4. Prisoner's Dilemma,, an iterated prisoner's dilemma game and simulation

A Tuft of Flowers

I went to turn the grass after one
Who mowed it in the dew before the sun.

The dew was gone that made his blade so keen
Before I came to view the leveled scene.

I looked for him behind an isle of trees;
I listened for his whetstone on the breeze.

But he had gone his way, the grass all mown,
And I must be as he had been,---alone.

"As all must be," I said within my heart,
"Whether they work together or apart."

But as I said it, swift there passed me by
On noiseless wing a 'wildered butterfly,

Seeking with memories grown dim o'er night,
Some resting flower of yesterday's delight.

And once I marked his flight go round and round,
As where some flowers lay withering on the ground,

And then he flew as far as eye could see,
And then on tremulous wing came back to me.

I thought of questions that have no reply,
And would have turned to toss the grass to dry;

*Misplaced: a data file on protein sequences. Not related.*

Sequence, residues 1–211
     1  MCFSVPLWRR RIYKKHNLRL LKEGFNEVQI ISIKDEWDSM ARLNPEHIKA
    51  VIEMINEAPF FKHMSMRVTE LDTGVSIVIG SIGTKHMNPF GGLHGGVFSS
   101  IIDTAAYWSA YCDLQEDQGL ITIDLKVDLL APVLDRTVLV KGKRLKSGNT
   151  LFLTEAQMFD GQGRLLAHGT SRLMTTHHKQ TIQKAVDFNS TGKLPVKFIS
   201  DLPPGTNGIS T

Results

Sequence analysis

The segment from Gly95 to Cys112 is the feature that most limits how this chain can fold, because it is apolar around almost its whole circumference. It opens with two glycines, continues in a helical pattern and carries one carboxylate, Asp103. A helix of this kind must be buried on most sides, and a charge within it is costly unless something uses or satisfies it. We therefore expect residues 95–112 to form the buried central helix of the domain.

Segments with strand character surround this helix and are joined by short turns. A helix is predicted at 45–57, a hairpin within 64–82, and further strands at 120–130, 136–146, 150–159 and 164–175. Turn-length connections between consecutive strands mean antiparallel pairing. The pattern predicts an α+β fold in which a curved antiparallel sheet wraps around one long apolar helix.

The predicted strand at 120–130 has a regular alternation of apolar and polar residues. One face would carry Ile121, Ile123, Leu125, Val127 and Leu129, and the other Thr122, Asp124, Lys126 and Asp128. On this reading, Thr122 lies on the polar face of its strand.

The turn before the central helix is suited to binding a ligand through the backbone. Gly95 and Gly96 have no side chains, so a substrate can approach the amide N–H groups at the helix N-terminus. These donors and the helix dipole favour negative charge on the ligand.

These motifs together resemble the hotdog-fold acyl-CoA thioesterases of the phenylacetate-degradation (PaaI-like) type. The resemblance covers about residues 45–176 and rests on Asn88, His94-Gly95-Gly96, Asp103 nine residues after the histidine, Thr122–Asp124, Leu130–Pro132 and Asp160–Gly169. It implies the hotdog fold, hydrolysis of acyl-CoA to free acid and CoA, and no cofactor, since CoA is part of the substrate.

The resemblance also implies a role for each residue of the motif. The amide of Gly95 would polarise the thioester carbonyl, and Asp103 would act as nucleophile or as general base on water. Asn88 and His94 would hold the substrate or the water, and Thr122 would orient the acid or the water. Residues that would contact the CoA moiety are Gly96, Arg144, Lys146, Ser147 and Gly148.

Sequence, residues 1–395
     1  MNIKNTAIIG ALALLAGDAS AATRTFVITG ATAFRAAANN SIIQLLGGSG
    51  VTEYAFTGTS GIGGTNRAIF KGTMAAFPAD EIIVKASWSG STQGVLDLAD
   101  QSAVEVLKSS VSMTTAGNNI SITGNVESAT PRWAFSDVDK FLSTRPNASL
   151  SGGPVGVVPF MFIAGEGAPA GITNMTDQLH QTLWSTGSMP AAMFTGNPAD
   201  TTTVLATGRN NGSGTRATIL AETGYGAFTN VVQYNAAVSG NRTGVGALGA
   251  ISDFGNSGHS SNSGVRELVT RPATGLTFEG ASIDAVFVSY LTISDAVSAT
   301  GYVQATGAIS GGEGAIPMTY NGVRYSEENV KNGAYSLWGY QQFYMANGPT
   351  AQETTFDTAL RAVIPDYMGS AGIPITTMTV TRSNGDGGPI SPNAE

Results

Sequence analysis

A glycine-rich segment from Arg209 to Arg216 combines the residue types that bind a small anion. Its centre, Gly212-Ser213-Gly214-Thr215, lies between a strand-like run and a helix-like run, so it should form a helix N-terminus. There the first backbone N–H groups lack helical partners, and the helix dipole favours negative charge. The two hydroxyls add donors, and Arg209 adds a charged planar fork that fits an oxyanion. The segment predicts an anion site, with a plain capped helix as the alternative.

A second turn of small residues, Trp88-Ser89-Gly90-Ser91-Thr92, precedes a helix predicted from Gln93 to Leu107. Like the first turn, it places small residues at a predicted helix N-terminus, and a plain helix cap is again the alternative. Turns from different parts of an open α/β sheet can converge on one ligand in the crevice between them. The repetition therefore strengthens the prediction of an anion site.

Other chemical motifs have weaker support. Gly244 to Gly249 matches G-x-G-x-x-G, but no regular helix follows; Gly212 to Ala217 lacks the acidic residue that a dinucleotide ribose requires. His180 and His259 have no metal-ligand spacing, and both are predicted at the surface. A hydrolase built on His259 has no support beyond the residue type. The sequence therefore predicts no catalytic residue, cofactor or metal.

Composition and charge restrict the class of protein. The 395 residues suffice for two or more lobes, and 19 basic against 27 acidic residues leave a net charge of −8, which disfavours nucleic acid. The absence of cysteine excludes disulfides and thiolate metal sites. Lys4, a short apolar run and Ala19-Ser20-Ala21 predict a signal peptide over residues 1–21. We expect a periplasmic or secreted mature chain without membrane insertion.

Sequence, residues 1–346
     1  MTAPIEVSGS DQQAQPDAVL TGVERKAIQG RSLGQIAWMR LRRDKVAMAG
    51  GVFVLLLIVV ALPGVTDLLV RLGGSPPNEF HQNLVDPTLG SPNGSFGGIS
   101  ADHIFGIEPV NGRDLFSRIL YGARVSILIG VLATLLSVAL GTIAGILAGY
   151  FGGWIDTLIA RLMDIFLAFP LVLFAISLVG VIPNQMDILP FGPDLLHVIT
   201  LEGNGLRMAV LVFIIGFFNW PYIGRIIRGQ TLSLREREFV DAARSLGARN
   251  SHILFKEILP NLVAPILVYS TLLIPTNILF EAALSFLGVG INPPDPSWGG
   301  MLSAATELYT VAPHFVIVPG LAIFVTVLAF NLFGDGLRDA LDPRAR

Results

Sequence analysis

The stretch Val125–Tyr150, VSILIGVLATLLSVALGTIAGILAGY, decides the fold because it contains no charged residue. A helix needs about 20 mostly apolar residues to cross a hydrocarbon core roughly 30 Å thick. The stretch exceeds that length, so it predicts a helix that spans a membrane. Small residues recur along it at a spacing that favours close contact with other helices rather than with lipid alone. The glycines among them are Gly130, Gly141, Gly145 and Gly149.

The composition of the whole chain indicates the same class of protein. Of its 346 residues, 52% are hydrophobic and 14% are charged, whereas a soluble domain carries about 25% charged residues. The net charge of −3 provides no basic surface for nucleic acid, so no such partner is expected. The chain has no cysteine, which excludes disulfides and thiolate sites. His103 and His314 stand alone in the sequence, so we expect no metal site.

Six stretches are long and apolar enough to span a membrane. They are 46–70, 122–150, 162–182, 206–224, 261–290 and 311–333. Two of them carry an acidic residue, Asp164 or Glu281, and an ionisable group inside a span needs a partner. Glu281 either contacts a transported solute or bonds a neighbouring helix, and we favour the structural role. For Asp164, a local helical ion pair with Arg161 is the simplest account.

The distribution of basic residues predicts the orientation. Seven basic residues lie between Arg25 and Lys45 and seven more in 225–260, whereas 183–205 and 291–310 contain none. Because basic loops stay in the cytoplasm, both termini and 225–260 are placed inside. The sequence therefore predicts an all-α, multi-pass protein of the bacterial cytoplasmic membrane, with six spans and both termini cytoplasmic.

But he turned first, and led my eye to look
At a tall tuft of flowers beside a brook.

A leaping tongue of bloom the scythe had spared
Beside a ready brook the scythe had bared.

I left my place to known them by their name,
Finding them butterfly weed when I came.

The mower in the dew had loved them thus,
By leaving them to flourish, not for us,

Nor yet to draw one thought of ours to him,
But from sheer morning gladness at the brim.

The butterfly and I had lit upon,
Nevertheless, a message from the dawn,

That made me hear the wakening birds around,
And hear his long scythe whispering to the ground,

And felt spirit kindred to my own;
So that henceforth I worked no more alone;

But glad with him I worked as with his aid,
And, weary, sought at noon with him the shade;

And dreaming, as it were, held brotherly speech
With one whose thought I had not hoped to reach.

"Men work together," I told him from the heart,
"Whether they work together or apart."

Robert Frost
The Tuft of Flowers
American Poetry, A. B. de Mille, Allyn & Bacon (1923)

I often pick up one of my books and open it randomly looking for insight or inspiration. I let my intuition choose the book. I open the book randomly (although some would say that the page I open it to is also chosen by my intuition). The other day I picked a book of poetry that had been one of my mother's. It was published in 1923 when my mother would have been 11.